Posted by Danville Dawn, a resident of the Danville neighborhood, on Nov 28, 2008 at 10:34 am
I want Rob's job...only 8 hours a day? I work 10-12 hours a day, basically, whatever it takes to get my job done each day, somedays more. It's my chosen profession, and just like "getreal", I'm entitled to the prestige that comes with my job by the "free" hours I work. And I work a lot more of them since my computer, iPhone, crackberry, headset, etc... all became more readily available. I get emails at 10-11pm, and I respond. It's the reality of work in the new Millenium. Get used to it...with companies cutting back, it will be those of you who are willing to work and do what it takes to keep your job, that will be keeping your job.
Posted by Louise, a member of the Charlotte Wood Middle School community, on Nov 28, 2008 at 1:58 pm
I am embarrassed to have JJ50 as a member of my school community! Is he/she saying that: 1) One should never try to fix problems they are having AND 2) Being a school teacher is "easier" than his/her job! I'd suggest JJ50 try being a school teacher before making that assumption! I have never been a class room teacher, but have volunteered in them enough to realize that I would NEVER be able to handle their job with the same skill/professionalism/patience that I have observed. Give me 2 hours unpaid overtime anytime, over the stressful, uncompensated work that they already do! The article was also a good wakeup call for parents to refrain from sending unimportant emails to teachers. It doesn't take too much time for us to send one- but multiply reading and responding them from all parents, and one can see how this would definitely distract a teacher from doing what is most important- teaching!
Teachers have every right to point out the problems with the system and technology- I'm sure if JJ50 had a computer that didn't work and no technical support to get it working- he/she wouldn't just sit back and do nothing!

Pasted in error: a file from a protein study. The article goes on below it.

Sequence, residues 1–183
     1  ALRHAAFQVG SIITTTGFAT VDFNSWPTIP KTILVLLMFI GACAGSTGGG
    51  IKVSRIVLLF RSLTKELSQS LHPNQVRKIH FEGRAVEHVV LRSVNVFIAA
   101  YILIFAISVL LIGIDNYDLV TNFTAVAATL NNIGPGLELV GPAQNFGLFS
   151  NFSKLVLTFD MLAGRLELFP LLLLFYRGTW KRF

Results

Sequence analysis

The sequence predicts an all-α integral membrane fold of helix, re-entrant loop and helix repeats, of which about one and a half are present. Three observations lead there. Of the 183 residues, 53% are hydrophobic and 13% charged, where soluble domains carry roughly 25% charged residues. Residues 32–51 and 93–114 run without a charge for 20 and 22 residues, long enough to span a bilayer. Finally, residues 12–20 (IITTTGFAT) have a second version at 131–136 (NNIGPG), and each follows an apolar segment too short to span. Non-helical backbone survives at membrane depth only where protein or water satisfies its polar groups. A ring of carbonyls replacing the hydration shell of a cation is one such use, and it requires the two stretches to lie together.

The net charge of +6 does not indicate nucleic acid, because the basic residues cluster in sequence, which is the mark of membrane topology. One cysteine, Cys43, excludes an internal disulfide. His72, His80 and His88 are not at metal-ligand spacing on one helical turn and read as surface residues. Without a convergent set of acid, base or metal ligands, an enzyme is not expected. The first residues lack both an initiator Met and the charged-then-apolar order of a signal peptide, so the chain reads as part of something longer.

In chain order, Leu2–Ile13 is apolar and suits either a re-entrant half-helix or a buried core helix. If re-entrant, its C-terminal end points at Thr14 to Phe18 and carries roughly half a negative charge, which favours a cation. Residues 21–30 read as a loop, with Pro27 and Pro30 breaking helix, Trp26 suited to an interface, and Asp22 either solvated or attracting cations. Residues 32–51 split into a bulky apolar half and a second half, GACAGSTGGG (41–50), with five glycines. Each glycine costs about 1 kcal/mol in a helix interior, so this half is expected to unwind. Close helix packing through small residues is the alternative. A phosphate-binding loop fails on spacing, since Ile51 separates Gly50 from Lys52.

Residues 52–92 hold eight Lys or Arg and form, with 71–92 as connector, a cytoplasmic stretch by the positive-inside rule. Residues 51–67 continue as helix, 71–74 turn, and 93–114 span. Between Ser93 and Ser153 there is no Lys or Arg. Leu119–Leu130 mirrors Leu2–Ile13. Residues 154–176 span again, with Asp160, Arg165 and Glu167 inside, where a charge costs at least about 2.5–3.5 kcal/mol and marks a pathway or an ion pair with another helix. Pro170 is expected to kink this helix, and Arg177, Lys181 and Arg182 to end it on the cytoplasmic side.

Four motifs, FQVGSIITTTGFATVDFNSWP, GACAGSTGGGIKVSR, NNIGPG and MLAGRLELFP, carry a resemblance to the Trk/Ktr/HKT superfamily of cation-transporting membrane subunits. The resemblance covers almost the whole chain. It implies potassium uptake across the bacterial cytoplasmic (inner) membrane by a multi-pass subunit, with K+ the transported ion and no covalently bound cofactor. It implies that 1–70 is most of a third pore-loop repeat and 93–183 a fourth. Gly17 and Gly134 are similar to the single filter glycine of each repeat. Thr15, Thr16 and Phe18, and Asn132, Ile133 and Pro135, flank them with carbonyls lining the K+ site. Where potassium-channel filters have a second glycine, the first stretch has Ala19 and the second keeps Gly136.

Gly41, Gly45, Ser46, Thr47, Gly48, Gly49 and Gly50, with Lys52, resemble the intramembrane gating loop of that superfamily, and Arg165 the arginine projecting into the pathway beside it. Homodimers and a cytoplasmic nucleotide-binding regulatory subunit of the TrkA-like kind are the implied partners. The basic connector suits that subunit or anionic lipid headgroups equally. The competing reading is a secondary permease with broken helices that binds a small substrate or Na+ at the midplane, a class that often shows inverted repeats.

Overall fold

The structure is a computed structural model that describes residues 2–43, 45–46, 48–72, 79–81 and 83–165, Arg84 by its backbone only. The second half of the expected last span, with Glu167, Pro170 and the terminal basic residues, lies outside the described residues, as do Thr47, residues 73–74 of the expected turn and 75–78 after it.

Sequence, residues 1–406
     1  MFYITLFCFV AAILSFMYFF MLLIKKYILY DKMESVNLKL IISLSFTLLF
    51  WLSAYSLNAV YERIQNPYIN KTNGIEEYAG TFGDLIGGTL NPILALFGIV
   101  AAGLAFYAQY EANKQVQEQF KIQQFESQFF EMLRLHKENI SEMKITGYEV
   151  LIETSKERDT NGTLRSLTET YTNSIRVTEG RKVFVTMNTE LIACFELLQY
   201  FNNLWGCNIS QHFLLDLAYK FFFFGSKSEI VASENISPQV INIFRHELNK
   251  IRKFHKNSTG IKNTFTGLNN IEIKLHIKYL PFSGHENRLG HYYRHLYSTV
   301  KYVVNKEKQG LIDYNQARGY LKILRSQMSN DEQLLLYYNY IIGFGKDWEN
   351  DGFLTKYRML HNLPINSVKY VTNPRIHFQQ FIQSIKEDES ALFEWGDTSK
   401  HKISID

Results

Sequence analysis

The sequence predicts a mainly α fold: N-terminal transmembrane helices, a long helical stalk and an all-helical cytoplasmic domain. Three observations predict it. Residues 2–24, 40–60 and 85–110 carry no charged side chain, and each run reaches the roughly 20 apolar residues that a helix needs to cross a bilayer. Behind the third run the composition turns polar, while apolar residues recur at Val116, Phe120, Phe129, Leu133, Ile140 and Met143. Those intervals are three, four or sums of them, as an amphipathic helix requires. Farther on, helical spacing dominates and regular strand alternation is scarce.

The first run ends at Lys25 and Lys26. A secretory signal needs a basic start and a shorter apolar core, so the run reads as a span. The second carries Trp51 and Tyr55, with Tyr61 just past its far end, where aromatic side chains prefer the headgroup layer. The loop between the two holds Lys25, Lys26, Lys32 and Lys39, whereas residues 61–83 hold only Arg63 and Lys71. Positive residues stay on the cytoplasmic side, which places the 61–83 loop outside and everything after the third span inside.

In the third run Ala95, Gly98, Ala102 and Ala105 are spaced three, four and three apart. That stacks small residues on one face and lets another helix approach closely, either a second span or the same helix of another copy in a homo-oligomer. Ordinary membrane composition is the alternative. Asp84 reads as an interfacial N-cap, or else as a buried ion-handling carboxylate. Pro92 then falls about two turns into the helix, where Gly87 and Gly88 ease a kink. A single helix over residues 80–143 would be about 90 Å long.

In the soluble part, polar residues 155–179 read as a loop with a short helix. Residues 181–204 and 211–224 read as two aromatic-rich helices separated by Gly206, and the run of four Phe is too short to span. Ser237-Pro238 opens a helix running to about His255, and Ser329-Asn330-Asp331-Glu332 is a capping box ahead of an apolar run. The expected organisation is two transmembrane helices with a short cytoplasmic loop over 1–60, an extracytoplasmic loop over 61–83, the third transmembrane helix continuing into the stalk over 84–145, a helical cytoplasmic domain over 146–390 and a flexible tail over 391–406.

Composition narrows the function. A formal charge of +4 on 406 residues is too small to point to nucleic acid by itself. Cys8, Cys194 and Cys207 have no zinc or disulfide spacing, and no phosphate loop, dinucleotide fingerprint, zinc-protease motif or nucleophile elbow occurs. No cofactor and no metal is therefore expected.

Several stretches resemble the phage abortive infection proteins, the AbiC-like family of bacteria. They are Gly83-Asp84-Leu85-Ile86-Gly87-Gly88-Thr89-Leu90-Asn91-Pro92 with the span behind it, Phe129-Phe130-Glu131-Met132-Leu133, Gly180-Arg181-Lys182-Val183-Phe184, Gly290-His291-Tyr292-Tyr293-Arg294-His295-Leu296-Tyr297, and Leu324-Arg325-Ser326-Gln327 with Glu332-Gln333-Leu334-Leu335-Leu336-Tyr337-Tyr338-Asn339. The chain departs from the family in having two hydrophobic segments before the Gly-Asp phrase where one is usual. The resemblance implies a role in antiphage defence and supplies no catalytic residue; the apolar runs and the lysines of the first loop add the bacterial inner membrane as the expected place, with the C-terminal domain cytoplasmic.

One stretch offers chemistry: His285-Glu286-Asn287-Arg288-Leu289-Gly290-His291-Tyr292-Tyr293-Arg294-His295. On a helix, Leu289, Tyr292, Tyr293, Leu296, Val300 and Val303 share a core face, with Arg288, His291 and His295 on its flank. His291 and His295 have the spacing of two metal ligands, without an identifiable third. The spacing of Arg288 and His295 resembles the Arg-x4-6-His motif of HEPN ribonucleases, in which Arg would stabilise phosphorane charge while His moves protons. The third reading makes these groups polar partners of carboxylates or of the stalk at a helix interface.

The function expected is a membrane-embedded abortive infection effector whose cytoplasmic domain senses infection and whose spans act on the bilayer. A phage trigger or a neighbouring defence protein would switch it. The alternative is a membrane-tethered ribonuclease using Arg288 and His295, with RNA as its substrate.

Posted by Kim Dijkstra, a resident of the Danville neighborhood, on Nov 28, 2008 at 9:42 pm
Teachers need the support from their community but also tech support so they can understand how to use the technology in the most efficient way possible. I think there should be inservice days for this goal and not expect the teachers to try and figure it out on their own in their own time. That is not fair. If we impose a new system, we should make sure they get all the help they need to implement it. Simple as that.
Posted by Mike Briggs (firstname.lastname@example.org), a resident of the Alamo neighborhood, on Dec 5, 2008 at 10:41 am
I, for one,would be happy to volunteer to help get teachers up to speed on technology. I'd assume there are lots of tech savvy people in our community that feel the same way. The trick is finding those people, then organizing the effort. (district wide,then by school.) There are plenty of tools available that would facilitate such an effort. If anyone in school management is listening, sign me up. Having been an IT manager I understand it isn't just about slow servers and too much email. A comprehensive plan and support structure is needed. A key point is that it needs to be fun and high value add.